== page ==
Among Kruger’s co-defendants was Michael S. Turano, a gynecologist. Kruger had reportedly lived with Turano and Turano’s mother and brother in a gaudy old mafia house in Mill Basin, the New York Times reported.
The mother, Dorothy Turano, apparently referred to Kruger as her “partner,” but prosecutors suggested Kruger and Michael Turano had shared an intimate relationship — recordings from wiretaps showed that the two men “sometimes spoke to one another in baby talk,” according to one FBI agent. Bribery payments were funneled through Michael Turano’s bank account to Kruger, the gynecologist would later admit to the court. The money apparently went in part to help pay the mortgage on the Turano mansion, and to finance a black Bentley Arnage.
Kruger is receiving more than $58,000 a year in pension payments, and throughout the duration of his seven-year prison term, he’ll draw more than $400,000 in taxpayer-funded pension payments.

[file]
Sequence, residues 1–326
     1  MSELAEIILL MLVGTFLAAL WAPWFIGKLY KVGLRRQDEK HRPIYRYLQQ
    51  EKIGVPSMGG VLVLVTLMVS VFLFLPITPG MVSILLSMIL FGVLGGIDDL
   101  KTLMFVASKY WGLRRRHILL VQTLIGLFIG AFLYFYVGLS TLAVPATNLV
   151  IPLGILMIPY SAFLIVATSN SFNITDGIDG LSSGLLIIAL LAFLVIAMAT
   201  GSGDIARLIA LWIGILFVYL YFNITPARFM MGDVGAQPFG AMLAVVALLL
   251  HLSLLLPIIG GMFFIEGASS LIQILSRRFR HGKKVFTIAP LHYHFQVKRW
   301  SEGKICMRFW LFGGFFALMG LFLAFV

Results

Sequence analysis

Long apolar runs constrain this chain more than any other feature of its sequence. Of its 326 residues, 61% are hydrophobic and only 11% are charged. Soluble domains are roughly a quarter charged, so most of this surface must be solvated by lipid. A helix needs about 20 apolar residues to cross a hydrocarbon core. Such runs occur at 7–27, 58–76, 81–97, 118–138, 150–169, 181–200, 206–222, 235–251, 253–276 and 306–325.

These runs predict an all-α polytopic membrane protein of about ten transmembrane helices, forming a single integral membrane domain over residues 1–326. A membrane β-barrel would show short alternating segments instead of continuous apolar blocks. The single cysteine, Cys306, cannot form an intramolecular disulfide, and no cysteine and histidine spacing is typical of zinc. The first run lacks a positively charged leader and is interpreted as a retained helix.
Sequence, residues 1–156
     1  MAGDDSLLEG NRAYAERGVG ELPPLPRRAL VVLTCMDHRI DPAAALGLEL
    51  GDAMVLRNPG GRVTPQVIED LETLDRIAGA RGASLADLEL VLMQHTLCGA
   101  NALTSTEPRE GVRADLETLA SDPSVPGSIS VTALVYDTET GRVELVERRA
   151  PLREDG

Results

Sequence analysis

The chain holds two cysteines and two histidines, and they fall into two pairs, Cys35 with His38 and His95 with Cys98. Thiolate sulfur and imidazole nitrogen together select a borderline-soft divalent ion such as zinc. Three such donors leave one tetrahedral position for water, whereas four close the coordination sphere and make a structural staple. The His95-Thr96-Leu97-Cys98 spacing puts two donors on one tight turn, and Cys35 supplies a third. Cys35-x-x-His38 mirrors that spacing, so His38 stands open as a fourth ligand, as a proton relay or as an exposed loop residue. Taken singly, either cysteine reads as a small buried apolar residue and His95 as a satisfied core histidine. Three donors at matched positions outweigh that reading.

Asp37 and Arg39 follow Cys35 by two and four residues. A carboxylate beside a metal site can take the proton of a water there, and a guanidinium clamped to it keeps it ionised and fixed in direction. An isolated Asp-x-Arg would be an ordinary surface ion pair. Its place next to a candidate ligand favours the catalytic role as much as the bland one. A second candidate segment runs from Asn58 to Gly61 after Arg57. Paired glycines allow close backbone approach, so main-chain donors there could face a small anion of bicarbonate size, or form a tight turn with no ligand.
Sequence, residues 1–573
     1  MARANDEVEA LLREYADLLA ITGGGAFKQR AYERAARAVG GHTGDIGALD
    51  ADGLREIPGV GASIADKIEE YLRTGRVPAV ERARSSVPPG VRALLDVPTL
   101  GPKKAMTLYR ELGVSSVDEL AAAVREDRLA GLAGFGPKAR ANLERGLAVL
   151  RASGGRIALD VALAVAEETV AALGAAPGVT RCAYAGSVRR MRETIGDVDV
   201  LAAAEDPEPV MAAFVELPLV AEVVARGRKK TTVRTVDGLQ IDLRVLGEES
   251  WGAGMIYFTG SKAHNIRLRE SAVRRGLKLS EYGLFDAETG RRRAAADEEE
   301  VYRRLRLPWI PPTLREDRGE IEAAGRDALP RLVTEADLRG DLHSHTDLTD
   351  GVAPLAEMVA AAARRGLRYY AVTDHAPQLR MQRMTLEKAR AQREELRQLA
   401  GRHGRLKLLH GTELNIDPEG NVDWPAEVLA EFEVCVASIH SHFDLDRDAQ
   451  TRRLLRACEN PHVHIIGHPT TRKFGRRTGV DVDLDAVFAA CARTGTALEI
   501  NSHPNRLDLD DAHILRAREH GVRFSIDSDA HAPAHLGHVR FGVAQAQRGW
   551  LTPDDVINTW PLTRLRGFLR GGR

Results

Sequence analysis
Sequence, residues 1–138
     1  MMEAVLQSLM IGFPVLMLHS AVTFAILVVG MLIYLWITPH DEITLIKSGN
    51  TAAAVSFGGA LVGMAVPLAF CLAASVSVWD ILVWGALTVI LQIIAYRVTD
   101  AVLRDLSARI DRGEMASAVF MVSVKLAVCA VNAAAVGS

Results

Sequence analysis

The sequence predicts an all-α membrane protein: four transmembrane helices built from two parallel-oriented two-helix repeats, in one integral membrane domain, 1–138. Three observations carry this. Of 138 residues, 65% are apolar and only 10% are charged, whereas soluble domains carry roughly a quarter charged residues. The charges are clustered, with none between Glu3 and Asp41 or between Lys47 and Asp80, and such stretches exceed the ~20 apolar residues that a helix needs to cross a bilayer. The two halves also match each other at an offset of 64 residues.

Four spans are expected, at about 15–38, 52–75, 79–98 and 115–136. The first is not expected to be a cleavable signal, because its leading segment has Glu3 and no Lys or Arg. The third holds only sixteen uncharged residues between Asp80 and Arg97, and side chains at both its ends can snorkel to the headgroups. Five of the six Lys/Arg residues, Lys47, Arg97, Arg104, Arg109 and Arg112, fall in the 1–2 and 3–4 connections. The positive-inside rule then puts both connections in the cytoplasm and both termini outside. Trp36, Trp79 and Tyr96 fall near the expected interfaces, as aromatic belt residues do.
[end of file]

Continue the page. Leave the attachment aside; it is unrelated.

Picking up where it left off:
But former Westchester County senator Nicholas Spano, who pleaded guilty to filing fraudulent tax returns, makes even more — $5,849.24 per month, to be exact.
During his time in office, Spano helped craft the operating budget for New York — which is ironic, considering that he wasn’t contributing his fair share. In 2012, Spano confessed to underpaying his taxes by $53,000. He had committed fraud on his tax forms, deducting more than $180,000 in wrongfully claimed expenses. Sentenced to a year and a day in federal prison, Spano will collect more than $70,000 annually in pension money.
And Anthony Seminerio, a Queens lawmaker for 30 years, was receiving $5,930.67 a month in pension payments when he died in prison in January 2011. In exchange for legislative favors, the lawmaker had received more than $1 million in payments from businesses operating in New York, federal prosecutors claimed. The indictment said specifically that one area hospital had paid Seminerio $310,000 through a consulting firm for favorable treatment. In 2009, Seminerio pled guilty to a single count of fraud, admitting he had “promoted the interests” of Jamaica Hospital Medical Center.